Gift cards are more popular than ever this year – and with good reason. According to the National Retail Federation, the average shopper will spend $163 on gift cards this year, a 4 percent increase over last year. That’s a new record, and it brings the total gift card market to an estimated $29.8 billion.
But before you go out and complete your shopping list with a stack of wallet-sized pieces of plastic for everyone on your list, consider the potential downside. A report released this week from bankrate.com found that the cards people say they like best – general-purpose cards from American Express, Visa, Discover and MasterCard – are also the ones most likely to carry fees. Only one in 10 retailer-specific cards, on the other hand, carry such fees.
The bankrate.com survey, based on interviews with 1,001 adults in October as well as an examination of 63 popular gift cards in November, found that all general-purpose gift cards charge purchase fees. That means the people who buy them pay a fee, typically around $4 but as much as $6.95, to do so. Seven in 10 of those general-purpose cards also came with a maintenance or dormancy fee, which means funds are subtracted from the card if it is not used within one year. (None of the retailer or brand-specific cards charge such fees.)
Still, gift cards are popular for a reason. The bankrate.com survey also found that 53 percent of Americans prefer the general-purpose gift cards even though they come with fees. (It’s not clear if consumers always understand or know about those fees.) People who earn more than $75,000 a year are even more likely to prefer general-purpose gift cards, and higher earners are more likely to both give and receive gift cards.
The good news is that seven in 10 gift card issuers replace the card if it gets lost (the customer typically must first register the card for that benefit) and most can be delivered electronically as well as be reloaded. The most common amount put on gift cards is between $25 and $50.
The National Retail Federation also points out that gift cards are increasingly accessible via mobile devices, which makes it easier to reload as well as track them. At Starbucks, for example, customers can pay for drinks directly with their mobile phone using the Starbucks app. And six in 10 people said they would like to receive gift cards this year, making it the most popular item on people’s wish lists for the seventh year in a row, NRF reports.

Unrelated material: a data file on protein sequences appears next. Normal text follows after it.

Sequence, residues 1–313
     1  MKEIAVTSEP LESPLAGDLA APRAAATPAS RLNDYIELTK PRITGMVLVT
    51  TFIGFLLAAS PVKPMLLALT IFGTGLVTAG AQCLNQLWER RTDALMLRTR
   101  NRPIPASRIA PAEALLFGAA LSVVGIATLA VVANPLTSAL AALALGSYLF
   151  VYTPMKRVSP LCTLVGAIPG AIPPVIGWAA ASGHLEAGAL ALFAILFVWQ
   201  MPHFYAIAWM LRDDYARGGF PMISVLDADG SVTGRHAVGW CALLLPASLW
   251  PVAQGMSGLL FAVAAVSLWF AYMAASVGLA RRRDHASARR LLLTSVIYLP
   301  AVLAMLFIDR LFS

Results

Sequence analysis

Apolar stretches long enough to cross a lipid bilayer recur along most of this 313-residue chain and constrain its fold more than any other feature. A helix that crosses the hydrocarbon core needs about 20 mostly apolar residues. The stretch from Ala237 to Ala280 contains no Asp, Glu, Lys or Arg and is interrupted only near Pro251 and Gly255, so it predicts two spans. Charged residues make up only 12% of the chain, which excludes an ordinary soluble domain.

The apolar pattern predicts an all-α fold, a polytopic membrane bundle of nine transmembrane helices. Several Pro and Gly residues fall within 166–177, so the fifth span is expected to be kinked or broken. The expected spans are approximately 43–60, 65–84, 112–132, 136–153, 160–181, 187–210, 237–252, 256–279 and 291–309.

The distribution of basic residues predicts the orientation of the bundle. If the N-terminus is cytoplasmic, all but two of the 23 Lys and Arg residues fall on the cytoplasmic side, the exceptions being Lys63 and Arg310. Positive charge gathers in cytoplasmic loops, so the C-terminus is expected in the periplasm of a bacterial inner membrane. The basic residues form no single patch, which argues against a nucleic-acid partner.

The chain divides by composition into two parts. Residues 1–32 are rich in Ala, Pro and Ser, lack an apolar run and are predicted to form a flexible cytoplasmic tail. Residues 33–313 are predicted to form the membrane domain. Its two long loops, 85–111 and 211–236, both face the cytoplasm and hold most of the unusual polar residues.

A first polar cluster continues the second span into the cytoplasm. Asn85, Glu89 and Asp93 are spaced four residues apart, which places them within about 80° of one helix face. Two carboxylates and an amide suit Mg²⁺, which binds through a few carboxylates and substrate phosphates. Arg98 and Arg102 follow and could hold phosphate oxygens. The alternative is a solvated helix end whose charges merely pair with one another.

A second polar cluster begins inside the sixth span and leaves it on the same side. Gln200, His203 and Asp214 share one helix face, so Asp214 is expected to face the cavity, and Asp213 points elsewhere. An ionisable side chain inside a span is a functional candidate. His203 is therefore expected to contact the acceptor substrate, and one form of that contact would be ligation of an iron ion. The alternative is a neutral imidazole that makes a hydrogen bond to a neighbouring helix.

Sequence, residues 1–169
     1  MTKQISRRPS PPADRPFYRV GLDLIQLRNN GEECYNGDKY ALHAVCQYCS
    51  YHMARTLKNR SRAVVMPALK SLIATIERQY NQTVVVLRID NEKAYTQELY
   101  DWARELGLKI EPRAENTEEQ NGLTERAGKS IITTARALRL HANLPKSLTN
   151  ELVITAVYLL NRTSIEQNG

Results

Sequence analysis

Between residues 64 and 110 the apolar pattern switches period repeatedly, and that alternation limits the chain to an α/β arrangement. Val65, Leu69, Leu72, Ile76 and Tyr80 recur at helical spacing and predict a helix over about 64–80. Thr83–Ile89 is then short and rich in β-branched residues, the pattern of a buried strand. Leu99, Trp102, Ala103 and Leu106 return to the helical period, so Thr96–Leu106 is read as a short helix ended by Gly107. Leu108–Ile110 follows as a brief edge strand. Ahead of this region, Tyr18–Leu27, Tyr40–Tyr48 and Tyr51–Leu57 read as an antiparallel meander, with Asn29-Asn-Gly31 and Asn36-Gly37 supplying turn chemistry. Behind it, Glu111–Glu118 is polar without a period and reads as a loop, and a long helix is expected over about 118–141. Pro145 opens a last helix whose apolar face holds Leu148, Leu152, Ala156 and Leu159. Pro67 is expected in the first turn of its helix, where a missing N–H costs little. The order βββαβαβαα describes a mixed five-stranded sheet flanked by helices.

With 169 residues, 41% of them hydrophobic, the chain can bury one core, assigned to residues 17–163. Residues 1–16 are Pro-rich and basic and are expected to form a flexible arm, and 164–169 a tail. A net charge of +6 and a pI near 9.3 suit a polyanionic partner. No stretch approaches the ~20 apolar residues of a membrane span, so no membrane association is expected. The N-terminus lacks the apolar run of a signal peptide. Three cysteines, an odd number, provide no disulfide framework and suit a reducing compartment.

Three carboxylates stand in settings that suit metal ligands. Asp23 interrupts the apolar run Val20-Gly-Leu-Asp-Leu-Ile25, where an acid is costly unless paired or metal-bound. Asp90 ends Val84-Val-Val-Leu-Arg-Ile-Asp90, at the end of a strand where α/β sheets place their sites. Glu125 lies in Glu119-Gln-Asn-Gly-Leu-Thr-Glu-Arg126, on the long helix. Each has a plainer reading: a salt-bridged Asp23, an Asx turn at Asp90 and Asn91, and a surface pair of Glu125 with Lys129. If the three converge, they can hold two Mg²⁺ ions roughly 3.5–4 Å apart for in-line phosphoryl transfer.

Department stores, restaurants, coffee shops, electronics stores and online retailers are among the most popular gift cards this season, NRF finds, and men tend to spend about $20 more on gift cards than women do ($171.35 versus $155.42). Most shoppers point to the fact that it allows people to select their own gifts as their reason for giving gift cards.
If gift cards are on your shopping list this season, be sure to follow these guidelines before making a purchase:
1. Make sure your recipient uses the card, or they’ll lose it. Once you give a gift, it’s out of your hands, but you might want to gently remind the person receiving the card that they should use it within a year, if it’s the type that starts charging fees for dormancy and maintenance after that point.
2. Register the card. If the retailer offers registration, you should take advantage of it, because that will offer extra protection in the event that the card is lost or stolen.
3. Pick a retailer the recipient likes. Instead of giving general-purpose cards, which are more likely to come with fees, consider buying a card at a specific brand or retailer, since those tend not to charge fees. Just be sure you pick the right kind of card for your recipient to increase the chances that they’ll use it.
4. Look for mobile apps. If your card comes from a retailer that also offers a companion app, you might have the option of uploading the gift card amount onto the app.
5. Read the fine print. Whenever you’re dealing with financial products, reading the fine print is always a good idea. That way you’ll avoid any surprise fees, from the purchase fee to the maintenance fee.